reformatting procedure

An ALGOL procedure that allows you to alter or convert data items to different layouts using custom written reformatting routines. The ALTER declaration in the DBGenFormat parameter file indicates which data items will be converted by the reformatting procedure. The procedure itself must call individual reformatting routines to convert the data items.

reformatting routine

An ALGOL conversion routine that alters the layout of a data item.

replicated database

This is the database that resides on the client (also called the client or secondary database) and that contains all of the records cloned from the DMSII database you specified for cloning. The replicated database is updated periodically with changes made to the primary (original) DMSII database. The periodic update (or tracking process) is explained later in this section. Compare this to the primary database.

replication process

The ongoing process of cloning and tracking a DMSII database. With the DBSnapshot Accessory, you can clone a database as a one time snapshot to flat files. With the DBSpan Accessory, however, you can extract the database to flat files and then subsequently update it by tracking. The DBSpan Accessory performs extraction as well as tracking.

secondary database

See replicated database.


An index into a data set.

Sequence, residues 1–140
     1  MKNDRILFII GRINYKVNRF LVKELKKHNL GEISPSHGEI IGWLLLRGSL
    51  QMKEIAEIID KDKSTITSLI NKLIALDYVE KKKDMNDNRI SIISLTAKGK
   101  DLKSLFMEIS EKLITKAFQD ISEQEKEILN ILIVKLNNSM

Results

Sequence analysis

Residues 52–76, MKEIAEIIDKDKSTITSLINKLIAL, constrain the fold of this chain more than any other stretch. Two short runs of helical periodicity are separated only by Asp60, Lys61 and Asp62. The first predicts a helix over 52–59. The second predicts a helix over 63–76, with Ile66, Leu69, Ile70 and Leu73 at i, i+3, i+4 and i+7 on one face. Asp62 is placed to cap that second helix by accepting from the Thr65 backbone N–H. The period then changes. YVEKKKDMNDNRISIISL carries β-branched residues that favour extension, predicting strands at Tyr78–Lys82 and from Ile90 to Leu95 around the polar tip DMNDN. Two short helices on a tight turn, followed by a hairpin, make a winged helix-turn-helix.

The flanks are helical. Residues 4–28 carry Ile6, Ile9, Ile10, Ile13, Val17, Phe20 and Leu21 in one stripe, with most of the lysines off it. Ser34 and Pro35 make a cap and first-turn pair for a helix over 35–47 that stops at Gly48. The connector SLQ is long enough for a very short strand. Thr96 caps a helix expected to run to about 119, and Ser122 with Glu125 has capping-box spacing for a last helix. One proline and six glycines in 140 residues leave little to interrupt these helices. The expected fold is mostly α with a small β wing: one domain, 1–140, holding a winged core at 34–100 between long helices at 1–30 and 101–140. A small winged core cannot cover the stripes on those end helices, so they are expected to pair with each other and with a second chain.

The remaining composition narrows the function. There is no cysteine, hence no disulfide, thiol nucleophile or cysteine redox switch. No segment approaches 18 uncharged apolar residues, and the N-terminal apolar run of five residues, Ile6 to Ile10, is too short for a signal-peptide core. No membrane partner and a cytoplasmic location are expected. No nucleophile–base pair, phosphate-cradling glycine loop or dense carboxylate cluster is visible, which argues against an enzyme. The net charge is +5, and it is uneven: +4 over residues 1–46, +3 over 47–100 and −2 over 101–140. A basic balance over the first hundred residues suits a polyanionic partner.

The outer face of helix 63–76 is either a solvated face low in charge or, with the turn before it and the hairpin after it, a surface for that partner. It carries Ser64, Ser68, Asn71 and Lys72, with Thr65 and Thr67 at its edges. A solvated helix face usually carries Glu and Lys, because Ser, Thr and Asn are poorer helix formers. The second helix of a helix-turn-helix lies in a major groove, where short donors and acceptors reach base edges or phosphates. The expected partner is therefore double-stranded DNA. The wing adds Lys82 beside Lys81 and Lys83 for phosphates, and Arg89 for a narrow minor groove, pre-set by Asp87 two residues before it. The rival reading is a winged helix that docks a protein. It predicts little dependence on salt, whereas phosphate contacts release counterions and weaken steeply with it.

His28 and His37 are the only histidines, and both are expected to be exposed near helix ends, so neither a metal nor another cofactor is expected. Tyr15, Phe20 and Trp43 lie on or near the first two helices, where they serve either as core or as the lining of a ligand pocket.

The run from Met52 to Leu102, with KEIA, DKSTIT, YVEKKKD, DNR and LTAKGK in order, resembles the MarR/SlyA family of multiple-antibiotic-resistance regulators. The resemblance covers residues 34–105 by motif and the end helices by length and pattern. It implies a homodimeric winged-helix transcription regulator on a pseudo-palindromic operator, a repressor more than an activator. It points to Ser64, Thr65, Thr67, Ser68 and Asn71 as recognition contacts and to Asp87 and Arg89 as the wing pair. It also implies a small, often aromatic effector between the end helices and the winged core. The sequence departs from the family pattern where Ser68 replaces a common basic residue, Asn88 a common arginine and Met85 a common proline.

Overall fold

A data set, set, subset, access, or remap. Each structure has a unique number called the structure number.


A data structure in the client database corresponding to a data set or remap in the host DMSII database.


Retrieving only the changes from the audit trail to apply to the replicated database. Tracking is an ongoing process for propagating changes made to records in the DMSII primary database to the replicated database. The DBSpan and DBServer Accessories perform extraction as well as tracking.

Tracking is one phase of the database replication process. The other phase is cloning.


A NUMBER data item containing values from 10 to 15. The NUMBER data item should contain values from 0 to 9; however, it is possible for NUMBER data item to contain values 0 to 15. Because values 10 to 15 are not valid digit values, NUMBER data items containing values from 10 to 15 are called undigits.